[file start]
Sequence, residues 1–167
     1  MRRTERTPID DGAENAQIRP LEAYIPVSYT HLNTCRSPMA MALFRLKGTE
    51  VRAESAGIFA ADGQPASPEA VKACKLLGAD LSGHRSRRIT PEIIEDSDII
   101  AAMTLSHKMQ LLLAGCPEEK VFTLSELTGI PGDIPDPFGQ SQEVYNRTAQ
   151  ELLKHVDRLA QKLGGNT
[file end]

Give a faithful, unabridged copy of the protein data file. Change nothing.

Sequence, residues 1–167
     1  MRRTERTPID DGAENAQIRP LEAYIPVSYT HLNTCRSPMA MALFRLKGTE
    51  VRAESAGIFA ADGQPASPEA VKACKLLGAD LSGHRSRRIT PEIIEDSDII
   101  AAMTLSHKMQ LLLAGCPEEK VFTLSELTGI PGDIPDPFGQ SQEVYNRTAQ
   151  ELLKHVDRLA QKLGGNT